Forced student labour at the heart of the Chinese economic miracle
Forced student labour army in China is making Apple products, Playstation consoles and other gadgets for the Western countries. George Osborne and Boris Johnson, two Guardian journalists visited the factories of large computers brands subcontractors and rely on the testimony of Zhang Lintong, collected from 63 other by Jenny Chan, Pun Ngai and Mark Selden, writing a forthcoming book about child exploitation in China’s electronics industries.
In June 2011, Zhang and teenage classmates were taken out of their family homes and dispatched to a factory making electronic gagdets.The students were away for a six-month internship at a giant Foxconn plant in the southern city of Shenzhen, a 20-hour train ride from their home in central China. This practice is illegal in China. Moreover Zhang study the contemporary Russian art, not electronics. However he was to spend half a year turning out iPhones and other consumer eletronics. He and his classmates, were forced to sleep in different factory dormitories, among adult strangers. Given the same uniforms as the regular workers, the internship training was rudimentary. “It’s tiring and boring“, he told researchers outside work. ” I very much want to quit but I can’t.”Some students complained about stomach aches, about choking, so they asked about the safety of their workplace. How did their teacher answer? As he later told the researchers, he invoked the nuclear disaster at Fukushima.
If Zhang learned nothing at Foxconn, his testimony is instructive on how young students are exploited. Interns may approximatevly represent 15% of the million Foxconn employees, including 28, 000 students committed in the making of Apple i Phones, and Sony Playstation 4. Apple acknowledged in 2011, in his annual report on the working conditions in its subcontractors factories, having “discovered” that 91 children working on the chains of its subcontractors, Foxconn included, among nearly 400 suppliers. An HR official for Foxconn told the researchers in September 2011 that over than 7,000 students were working in the Chengdu factory, over 10% of the entire staff. Less than a third of these manufacturers respect the legal working hours and 137 of their employees were poisoned by chemicals in 2010.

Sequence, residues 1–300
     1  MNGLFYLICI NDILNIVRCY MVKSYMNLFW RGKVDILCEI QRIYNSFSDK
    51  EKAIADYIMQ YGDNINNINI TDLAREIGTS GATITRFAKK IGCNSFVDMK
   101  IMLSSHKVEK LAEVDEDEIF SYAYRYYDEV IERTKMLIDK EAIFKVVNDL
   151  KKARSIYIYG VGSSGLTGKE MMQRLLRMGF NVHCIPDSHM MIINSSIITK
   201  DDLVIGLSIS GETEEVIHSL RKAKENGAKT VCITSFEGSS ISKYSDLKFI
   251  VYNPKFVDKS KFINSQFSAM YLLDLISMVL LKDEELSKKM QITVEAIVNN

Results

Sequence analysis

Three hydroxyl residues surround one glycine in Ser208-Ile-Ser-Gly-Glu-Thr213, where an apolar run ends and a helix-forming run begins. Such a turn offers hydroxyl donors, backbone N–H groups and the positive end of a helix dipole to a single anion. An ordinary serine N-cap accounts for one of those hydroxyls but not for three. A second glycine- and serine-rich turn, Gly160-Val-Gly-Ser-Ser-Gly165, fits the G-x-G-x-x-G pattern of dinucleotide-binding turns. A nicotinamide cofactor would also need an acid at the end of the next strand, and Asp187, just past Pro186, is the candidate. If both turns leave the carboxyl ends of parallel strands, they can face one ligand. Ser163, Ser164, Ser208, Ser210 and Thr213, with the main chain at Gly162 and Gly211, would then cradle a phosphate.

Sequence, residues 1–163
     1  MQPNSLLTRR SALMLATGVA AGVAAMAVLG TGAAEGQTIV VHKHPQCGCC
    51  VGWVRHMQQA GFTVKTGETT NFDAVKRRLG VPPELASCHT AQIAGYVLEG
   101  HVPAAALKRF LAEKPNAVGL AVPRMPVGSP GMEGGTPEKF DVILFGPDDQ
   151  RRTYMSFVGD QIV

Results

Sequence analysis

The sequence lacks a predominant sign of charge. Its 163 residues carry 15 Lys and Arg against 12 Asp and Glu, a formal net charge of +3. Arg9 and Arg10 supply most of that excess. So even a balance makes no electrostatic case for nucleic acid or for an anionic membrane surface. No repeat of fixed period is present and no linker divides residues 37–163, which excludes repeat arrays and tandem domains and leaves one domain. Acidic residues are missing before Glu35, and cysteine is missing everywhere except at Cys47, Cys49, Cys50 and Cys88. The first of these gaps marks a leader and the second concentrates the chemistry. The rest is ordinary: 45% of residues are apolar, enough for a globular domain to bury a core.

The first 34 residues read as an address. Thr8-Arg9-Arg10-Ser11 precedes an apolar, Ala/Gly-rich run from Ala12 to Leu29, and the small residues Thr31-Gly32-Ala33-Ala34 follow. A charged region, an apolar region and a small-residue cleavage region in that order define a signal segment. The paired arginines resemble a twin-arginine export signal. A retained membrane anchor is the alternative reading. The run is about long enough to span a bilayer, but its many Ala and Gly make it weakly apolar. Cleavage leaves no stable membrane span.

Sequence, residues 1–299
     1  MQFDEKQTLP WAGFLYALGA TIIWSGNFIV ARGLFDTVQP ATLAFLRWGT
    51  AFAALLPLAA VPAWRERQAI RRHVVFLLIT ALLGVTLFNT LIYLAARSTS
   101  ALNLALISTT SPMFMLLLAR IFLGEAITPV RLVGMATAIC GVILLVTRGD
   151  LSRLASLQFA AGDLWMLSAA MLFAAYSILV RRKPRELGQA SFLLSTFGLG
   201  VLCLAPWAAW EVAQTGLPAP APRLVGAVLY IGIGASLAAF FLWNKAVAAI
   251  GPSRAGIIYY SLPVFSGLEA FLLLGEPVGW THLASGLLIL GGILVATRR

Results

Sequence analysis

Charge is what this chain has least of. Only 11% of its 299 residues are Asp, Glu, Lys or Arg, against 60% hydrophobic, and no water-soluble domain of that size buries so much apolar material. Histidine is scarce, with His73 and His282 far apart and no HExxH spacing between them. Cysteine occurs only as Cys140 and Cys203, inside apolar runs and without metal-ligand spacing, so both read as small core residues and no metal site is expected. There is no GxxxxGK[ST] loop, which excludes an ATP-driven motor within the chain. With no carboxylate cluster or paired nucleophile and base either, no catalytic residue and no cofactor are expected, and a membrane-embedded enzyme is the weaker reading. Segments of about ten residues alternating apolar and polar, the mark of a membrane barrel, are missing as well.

One chinese supplier, a circuit board component maker called Guangdong Real Faith Pingzhou Electronics was axed by Apple after 74 children under the age of 16, legal working age in China, were recruited to work on its production lines. According to Apple, the children have been by one of the region’s largest labour agencies, Shenzhen Quanshun Human Resources.The chilren were returned to their families and the employer was required to pay expenses to facilitate their successful return, that is to pay for their education and to give them a income equal to their factory wages.
But even more than working conditions is connivance between the educational system (controlled by local governments) and the industry that is denounced by the two journalists. Identity cards of minors have been falsified by the schools that served ponds to unscrupulous contractors. Zhang and his classmates were forced by the local government to work at Foxconn. They could not choose their employer for their internship, for instance an employer that lived in the same city as their family home. The deal is official since the local government boasted to receive about 2 million euros from Foxconn after having successed in reaching its recruitment goals.
The Guardian, http://www.theguardian.com/commentisfree/2013/oct/14/forced-student-labour-china-apple?CMP=twt_fd&commentpage=1
The Guardian, http://www.theguardian.com/technology/2013/jan/25/apple-child-labour-supply